Don't get me wrong -- I have a 100" screen (JVC RS1 projector), and would love to see a consumer 4K format. But I'd also like to see at least a 12-bit 4:4:4 color space, and fewer compression artifacts---which is not going to happen until they can offer a bandwidth about an order of magnitude higher than what Blu-Ray currently offers.

    And unfortunately, a lot of video seems to be moving in the same direction as music -- less resolution for more convenience. So I think it may be a while before we see market pressure for a higher-resolution video format.
    Reply
  • DanNeely - Tuesday, December 28, 2010 - link

    We also appear to be reaching the limits in what compression can offer. Over the summer I read that the team working on the H.265 algorithm were concerned that they'd only be able to reduce bitrates to 70% of current levels while maintaining quality levels vs the 50% target that they'd set when beginning the design process. Reply
  • torgal - Tuesday, December 28, 2010 - link

    Well, and now Dell XPS 15 no longer have the 1080p upgrade (http://www.dell.com/us/p/xps-15/fs). Or have I got the wrong XPS 15? Reply
  • jigglywiggly - Tuesday, December 28, 2010 - link

    hai guise my name is asus we make a good laptop and then ruin it by putting a POS LCD on it. Reply
  • Kaboose - Tuesday, December 28, 2010 - link

    I think with sandy bridge on the horizon the majority of the people this laptop seems to be targeted at would be better off waiting a month or so for something more substantial for their ~$1000. Reply
  • jabber - Tuesday, December 28, 2010 - link

    Surely it doesnt take 1 minute to wipe a product down before taking pics of it?

    Just makes it seem a little more pro.
    Reply
  • JarredWalton - Tuesday, December 28, 2010 - link

    I do wipe off fingerprints, but those glossy bezels pick up every little touch and the flash photography tends to bring them out more than usual. You're not seriously going to complain about one photo (out of a couple dozen) where a few fingerprints are somewhat visible, are you? Reply
  • therealnickdanger - Tuesday, December 28, 2010 - link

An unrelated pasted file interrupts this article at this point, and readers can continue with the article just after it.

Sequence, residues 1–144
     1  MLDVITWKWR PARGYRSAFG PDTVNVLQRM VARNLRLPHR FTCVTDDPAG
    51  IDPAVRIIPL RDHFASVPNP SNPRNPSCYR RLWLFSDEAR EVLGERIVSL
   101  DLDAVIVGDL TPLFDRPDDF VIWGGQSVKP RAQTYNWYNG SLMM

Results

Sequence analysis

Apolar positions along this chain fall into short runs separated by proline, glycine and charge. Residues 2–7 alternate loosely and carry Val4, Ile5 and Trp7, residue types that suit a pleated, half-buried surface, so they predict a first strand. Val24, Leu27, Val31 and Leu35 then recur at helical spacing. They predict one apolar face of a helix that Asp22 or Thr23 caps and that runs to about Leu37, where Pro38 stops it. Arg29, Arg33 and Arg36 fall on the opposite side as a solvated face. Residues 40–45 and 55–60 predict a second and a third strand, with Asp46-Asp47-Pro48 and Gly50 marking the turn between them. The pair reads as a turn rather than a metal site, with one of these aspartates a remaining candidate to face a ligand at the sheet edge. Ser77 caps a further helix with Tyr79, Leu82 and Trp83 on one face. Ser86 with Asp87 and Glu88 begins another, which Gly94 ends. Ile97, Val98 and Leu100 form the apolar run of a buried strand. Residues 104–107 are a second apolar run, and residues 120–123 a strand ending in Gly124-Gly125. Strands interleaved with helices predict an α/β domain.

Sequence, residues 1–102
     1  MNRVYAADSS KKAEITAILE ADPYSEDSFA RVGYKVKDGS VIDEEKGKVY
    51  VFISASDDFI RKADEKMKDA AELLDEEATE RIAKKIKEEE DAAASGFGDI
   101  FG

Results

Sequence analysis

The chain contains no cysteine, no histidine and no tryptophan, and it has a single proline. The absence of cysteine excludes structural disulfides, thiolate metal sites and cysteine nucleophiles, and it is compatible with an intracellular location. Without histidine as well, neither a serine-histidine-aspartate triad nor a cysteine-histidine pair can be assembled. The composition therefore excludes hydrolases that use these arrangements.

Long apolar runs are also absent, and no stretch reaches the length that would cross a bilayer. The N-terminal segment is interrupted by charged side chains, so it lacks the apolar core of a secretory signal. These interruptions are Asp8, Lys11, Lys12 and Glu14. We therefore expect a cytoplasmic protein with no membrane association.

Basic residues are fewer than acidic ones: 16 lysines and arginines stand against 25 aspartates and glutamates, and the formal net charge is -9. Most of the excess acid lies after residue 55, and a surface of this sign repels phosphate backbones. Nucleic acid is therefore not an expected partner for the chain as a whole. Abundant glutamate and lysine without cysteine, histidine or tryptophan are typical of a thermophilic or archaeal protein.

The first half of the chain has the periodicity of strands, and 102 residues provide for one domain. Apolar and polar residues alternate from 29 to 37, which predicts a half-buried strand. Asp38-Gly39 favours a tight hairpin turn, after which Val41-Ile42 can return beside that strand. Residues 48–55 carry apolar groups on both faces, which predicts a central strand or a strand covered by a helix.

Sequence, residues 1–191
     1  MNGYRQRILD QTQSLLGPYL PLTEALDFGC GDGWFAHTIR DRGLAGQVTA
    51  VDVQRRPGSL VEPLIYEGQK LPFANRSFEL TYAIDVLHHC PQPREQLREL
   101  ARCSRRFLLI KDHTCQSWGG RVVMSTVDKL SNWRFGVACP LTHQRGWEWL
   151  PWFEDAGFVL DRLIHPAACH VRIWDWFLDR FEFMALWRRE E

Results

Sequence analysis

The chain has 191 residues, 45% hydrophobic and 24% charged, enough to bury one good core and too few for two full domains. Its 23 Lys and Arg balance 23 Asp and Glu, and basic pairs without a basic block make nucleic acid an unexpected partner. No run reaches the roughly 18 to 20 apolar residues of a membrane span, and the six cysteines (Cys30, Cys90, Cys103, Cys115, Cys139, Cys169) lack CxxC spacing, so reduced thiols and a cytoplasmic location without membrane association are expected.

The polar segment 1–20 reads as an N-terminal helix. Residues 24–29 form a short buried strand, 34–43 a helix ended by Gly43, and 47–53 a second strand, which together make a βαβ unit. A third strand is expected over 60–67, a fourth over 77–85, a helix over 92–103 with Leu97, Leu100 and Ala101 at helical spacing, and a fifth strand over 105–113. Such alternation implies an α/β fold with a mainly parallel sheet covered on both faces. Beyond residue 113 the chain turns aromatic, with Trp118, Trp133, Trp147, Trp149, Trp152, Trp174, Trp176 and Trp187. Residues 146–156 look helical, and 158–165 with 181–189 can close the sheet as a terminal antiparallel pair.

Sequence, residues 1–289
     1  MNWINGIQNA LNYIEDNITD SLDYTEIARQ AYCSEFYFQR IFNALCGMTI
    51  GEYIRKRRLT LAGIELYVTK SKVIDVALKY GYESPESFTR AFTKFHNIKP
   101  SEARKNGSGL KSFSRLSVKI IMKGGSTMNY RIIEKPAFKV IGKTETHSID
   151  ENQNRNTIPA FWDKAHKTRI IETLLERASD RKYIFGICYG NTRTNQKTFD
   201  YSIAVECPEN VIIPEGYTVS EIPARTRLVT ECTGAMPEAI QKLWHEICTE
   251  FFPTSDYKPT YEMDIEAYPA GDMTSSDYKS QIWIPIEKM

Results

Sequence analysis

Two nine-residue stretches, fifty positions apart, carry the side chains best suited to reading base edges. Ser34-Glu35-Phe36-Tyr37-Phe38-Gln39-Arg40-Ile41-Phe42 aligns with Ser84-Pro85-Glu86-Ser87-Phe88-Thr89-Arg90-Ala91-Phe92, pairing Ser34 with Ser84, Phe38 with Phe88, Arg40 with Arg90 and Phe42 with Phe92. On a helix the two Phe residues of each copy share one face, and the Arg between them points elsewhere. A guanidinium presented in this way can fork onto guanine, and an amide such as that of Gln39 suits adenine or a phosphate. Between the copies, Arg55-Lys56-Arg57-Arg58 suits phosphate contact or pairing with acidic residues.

I dunno, I took time out of my busy day at work to read an article about a laptop I didn't know existed 10 minutes ago and probably will never buy anyway because the perfect laptop that I want doesn't exist/costs too much. It really bothers me that you didn't take more time to be professional and do it perfect. Now I'm going to be tormented for the rest of the day about that photo and my overall productivity is going to suffer. Thanks a lot. BTW, Merry Christmas and Happy New Year, jerks.

    <hopefully obvious sarcasm>
    Reply
  • DanNeely - Tuesday, December 28, 2010 - link

    I disagree. Years of simply saying glossy sucks when it's where it'll get fingerprints on it hasn't hammered the point home to the PHBs who write the laptop design specs. Perhaps if reviewers all start showing pictures of how disgusting it ends up looking after a week or two of use the point will finally get through. Reply
  • hybrid2d4x4 - Wednesday, December 29, 2010 - link

    That's actually not a bad idea, but very ballsy/risky. I could see the manufacturers getting pissed at the 1st site that did that, stop sending them review units, and then no other site would do it out of fear of getting the cold shoulder. Then again, they don't seem to care about reviewers ranting about these issues in text, so maybe I'm worried over nothing. More likely, though, mfg's don't actually bother to read reviews of their own products... Reply
  • KZ0 - Tuesday, December 28, 2010 - link

    "Mafia 2 manages 35FPS at 769p and 21.5FPS at 1080p"
    Guessing you meant 768p.

    Thanks for another good review.
    Reply
  • radium69 - Tuesday, December 28, 2010 - link

    When are you going to contact MSI, to review their G series? Especially the older GX740.
    Can't beat the value and the performance ;)

    It's a shame you guys,seem totally ASUS minded the last couple of months...
    Reply
  • cgeorgescu - Tuesday, December 28, 2010 - link